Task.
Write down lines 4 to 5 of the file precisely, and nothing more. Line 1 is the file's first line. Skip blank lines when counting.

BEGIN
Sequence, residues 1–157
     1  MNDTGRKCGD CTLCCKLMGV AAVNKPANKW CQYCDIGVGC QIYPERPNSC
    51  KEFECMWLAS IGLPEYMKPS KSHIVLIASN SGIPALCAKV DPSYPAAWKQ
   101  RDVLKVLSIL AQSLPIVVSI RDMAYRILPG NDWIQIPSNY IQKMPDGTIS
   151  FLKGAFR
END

   101  RDVLKVLSIL AQSLPIVVSI RDMAYRILPG NDWIQIPSNY IQKMPDGTIS
   151  FLKGAFR